With all humility, I think, "Whatsoever thy hand findeth to do, do it with thy might." Infinitely more important than the vain attempt to love one's neighbor as one's self. If you want to hit a bird on the wing, you must have all your will in focus, you must not be thinking about yourself, and equally, you must not be thinking about your neighbor: you must be living in your eye on that bird. Every achievement is a bird on the wing.
I think, I said, I can make it plain to Benjamin Franklin here that there are at least six personalities distinctly to be recognized as taking part in that dialogue between John and Thomas. Three Johns: 1. The real John; known only to his Maker. 2. John's ideal John; never the real one, and often very unlike him. 3. Thomas' ideal John; never the real John, nor John's John, but often very unlike either. Three Thomases: 1. The real Thomas. 2. Thomas' ideal Thomas. 3. John's ideal Thomas.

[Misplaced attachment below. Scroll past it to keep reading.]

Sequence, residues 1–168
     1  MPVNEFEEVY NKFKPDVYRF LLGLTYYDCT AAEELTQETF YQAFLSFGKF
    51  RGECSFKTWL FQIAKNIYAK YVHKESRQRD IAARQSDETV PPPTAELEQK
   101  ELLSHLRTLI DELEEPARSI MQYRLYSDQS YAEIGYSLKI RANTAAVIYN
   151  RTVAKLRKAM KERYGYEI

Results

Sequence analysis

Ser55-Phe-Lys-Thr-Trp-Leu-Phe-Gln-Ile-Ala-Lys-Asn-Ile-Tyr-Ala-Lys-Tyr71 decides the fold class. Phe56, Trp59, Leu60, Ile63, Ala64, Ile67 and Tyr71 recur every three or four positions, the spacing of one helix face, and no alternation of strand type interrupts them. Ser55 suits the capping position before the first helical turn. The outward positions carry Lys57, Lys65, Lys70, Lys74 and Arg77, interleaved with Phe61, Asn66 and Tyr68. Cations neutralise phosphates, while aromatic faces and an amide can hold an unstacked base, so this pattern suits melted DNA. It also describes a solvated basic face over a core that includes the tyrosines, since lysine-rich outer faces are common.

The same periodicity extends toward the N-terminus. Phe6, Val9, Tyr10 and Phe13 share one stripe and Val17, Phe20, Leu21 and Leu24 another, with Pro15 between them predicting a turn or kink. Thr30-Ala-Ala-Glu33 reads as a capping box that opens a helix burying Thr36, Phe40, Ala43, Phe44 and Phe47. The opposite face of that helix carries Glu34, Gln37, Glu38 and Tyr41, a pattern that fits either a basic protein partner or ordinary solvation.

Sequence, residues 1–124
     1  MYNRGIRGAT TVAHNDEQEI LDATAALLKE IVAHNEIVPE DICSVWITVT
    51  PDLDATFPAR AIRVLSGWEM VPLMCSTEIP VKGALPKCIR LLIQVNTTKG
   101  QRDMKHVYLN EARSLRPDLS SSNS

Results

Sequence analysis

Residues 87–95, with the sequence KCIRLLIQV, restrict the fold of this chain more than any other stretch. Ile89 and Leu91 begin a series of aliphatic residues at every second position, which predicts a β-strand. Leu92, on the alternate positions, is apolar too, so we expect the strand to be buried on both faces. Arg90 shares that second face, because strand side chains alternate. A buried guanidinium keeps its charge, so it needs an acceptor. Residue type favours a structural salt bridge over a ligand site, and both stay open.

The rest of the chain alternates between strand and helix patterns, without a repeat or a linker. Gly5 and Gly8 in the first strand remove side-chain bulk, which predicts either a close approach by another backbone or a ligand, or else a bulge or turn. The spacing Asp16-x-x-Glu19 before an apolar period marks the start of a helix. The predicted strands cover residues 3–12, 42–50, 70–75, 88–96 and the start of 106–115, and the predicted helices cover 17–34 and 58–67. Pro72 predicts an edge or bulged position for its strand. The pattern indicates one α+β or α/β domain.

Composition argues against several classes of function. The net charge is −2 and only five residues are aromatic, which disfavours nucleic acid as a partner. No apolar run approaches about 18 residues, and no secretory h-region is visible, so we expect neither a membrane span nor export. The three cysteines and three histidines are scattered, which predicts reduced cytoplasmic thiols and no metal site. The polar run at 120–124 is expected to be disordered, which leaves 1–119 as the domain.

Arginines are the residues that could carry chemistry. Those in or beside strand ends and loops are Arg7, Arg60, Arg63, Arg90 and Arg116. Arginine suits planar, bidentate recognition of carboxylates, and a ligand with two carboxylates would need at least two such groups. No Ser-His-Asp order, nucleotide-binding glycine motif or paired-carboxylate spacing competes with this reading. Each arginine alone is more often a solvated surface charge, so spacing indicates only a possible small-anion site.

I find the great thing in this world is not so much where we stand, as in what direction we are moving: To reach the port of heaven, we must sail sometimes with the wind and sometimes against it - but we must sail, and not drift, nor lie at anchor.